Euphorbia rigida M.Bieb.
Upright Myrtle Spurge, Gopher Spurge, Silver Spurge
Euphorbia biglandulosa, Euphorbia phlomos, Euphorbia pungens, Euphorbia suffruticosa, Galarhoeus rigidus, Tithymalus biglandulosus, Tithymalus rigidus
Euphorbia rigida is a small shrub with attractive steel blue-green leaves arranged in tight spirals around the thick upright stems. It grows up to 2 feet (60 cm) tall and up to 3 feet (90 cm) wide. Leaves are lance-shaped, up 1.5 inches (3.8 cm) long, and can take on these red hues in late fall. Flowers are small, green with showy chartreuse-yellow bracts that age to a reddish tan color as the flowering stems die back. They appear in late winter and spring in domed clusters at branch tips.
USDA hardiness zone 7a to 10a: from 0 °F (−17.8 °C) to 35 °F (+1.7 °C).
Euphorbias are very easy to care for. They require a little pampering to become established, but once they are, they are self-sufficient. In fact, more die from too much care and watering than from neglect.
Euphorbias need well-draining soil and lots of sunlight. They are not particular about soil pH, but they cannot tolerate wet soil. Unlike most succulents, Euphorbia does not handle long periods of drought well. It may need weekly watering during the summer. Water whenever the soil is dry several inches below the surface. Water deeply, but don't let them sit in wet soil, which can cause root rot. Add some organic matter or fertilizer to the planting hole. If you are growing them in containers or your soil is poor, feed with a half-strength fertilizer monthly.
Euphorbia can be grown from seed, but they can be difficult to germinate (or even find). It is usually propagated by cuttings. This can be tricky because of the exuding sap. Rooting hormone is recommended with Euphorbias. See more at How to Grow and Care for Euphorbia.
Native to the Mediterranean Basin and the Middle East.
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Like its other Euphorbia cousins, E. rigida is toxic if eaten, so keep curious pets and toddlers away from this one. If the plant is cut or broken, it leaks a milky sap that can cause skin irritation.
Bees flock to the springtime flowers of this evergreen beauty, which is in the family Euphorbiaceae.
Scientists have also begun research using various types of Euphorbia as a biofuel. I, for one, would love to be able to thank fields and fields of this pretty plant and its relatives for supplying electricity to my home.
We think of the spring greens of spurge as heralds of a new season, but there are many evergreen varieties that have been keeping the show on the road all winter as well. While not all spurges are reliably hardy, they are reliably self-seeding, so a victim of frost is replaced by a selection of progeny. You just need to recognize when self-seeded plants have chosen a better spot than you might have.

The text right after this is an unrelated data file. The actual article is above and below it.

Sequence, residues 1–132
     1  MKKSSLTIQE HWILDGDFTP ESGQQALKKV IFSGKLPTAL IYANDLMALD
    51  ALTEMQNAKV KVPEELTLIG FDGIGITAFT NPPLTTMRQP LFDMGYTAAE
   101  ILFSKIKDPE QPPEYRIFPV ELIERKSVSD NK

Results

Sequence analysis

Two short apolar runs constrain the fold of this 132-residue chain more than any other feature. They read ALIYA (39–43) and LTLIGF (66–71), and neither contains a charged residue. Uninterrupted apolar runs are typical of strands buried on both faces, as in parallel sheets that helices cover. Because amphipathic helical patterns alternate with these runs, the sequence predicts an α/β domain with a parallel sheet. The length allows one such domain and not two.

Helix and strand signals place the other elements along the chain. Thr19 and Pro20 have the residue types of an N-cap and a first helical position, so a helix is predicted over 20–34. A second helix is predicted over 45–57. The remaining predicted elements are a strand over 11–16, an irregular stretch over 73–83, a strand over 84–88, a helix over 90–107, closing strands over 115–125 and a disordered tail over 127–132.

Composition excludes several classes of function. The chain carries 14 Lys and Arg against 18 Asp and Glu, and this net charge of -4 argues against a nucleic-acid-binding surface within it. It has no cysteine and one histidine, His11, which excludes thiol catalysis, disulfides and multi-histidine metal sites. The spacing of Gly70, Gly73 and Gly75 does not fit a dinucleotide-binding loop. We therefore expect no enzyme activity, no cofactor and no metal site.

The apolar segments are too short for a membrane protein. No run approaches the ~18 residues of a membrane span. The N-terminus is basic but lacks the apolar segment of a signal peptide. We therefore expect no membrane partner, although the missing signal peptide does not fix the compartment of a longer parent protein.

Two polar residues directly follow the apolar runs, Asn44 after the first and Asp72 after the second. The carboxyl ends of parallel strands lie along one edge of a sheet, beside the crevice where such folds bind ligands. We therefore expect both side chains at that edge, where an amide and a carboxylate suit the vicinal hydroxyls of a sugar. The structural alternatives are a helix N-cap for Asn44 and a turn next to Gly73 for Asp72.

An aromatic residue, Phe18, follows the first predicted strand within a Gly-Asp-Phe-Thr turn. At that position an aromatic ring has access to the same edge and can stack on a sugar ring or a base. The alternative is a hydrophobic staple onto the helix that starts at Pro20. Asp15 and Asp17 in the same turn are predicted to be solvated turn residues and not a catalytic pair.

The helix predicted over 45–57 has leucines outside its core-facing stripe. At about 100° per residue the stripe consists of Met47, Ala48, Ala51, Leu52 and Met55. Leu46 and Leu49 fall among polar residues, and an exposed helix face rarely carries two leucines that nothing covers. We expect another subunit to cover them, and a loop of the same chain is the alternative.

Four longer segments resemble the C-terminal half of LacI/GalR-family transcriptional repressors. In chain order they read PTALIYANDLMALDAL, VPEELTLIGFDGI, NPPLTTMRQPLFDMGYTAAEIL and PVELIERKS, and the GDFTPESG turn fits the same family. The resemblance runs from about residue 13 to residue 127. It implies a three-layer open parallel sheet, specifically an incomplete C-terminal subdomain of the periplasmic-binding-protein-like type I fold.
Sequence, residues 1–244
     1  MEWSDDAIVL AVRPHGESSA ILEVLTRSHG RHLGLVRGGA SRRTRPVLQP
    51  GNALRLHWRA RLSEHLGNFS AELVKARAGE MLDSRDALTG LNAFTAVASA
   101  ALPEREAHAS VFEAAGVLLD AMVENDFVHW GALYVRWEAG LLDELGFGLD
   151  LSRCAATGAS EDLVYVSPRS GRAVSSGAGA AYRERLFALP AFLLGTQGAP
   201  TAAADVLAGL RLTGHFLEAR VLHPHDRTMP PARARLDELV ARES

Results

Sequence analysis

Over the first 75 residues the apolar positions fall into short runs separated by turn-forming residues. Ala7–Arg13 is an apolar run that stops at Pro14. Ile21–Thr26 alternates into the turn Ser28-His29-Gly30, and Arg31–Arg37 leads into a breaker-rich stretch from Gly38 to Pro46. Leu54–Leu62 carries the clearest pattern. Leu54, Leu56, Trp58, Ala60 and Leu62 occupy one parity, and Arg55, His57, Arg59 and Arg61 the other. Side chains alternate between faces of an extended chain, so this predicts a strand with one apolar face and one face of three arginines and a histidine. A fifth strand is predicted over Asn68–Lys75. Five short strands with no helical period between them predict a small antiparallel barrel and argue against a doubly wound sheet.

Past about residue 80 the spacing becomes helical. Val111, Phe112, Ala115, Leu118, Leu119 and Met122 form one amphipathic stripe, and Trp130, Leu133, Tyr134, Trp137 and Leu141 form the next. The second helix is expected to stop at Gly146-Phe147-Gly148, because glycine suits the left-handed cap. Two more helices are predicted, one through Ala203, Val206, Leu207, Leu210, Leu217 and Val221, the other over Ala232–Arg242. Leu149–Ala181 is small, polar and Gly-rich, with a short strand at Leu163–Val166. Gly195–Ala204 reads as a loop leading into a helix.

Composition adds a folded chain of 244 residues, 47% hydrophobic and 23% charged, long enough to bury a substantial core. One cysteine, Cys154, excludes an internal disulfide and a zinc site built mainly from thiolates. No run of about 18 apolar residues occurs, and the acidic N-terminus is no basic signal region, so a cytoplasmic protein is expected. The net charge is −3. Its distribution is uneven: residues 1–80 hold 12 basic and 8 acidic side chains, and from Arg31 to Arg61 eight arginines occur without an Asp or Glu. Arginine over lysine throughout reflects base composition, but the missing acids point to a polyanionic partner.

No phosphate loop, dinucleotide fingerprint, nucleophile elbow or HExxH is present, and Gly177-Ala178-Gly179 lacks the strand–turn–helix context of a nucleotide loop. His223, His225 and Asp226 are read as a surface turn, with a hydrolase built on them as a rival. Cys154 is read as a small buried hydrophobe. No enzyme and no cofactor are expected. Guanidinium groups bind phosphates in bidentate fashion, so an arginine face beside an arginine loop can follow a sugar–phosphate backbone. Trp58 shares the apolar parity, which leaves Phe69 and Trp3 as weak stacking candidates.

Spurge’s horticultural name Euphorbia is easy to remember, sounding like “euphoric” (an emotion you will feel when it fills the garden in early spring).
Here are six of our favorite varieties of spurge.
Photography by Britt Willoughby Dyer, for Gardenista.
Don’t let myrtle spurge get out of control in your garden. Source: FarOutFlora
This plant thrives to the fullest when planted under full sun. It can grow in USDA hardiness zones from 5 to 9.
This succulent plant is drought tolerant. It needs minimal watering. Make sure that you don’t over-water your myrsinites as it will kill your plant. Water only when the soil is dry to several inches.
Your plant will easily grow in dry and hot areas that have poor soil. In fact, it prefers to grow in well-draining sandy or gravelly soil and is very tolerant of dry soil.
This plant is technically an invasive plant species and rarely needs fertilizers to thrive.
Repot your plant when it starts growing out of its existing container, nothing too special about the process.
Since donkey tail spurge is an invasive plant species, it rapidly self-propagates via spreading its seeds. However, you can also propagate it via cuttings that will root easily in late spring and early summer during the growing season.
Euphorbia myrsinites pruning becomes a necessity if you want to counter their invasive nature. After blooming, in the spring and summer seasons, you can trim back your plant’s stems severely.
This will prevent your plant from rapidly spreading and allow it to flower consistently. When a blooming stem of your myrsinites euphorbia starts to turn yellow, simply clip it off at the base with clean pruning shears.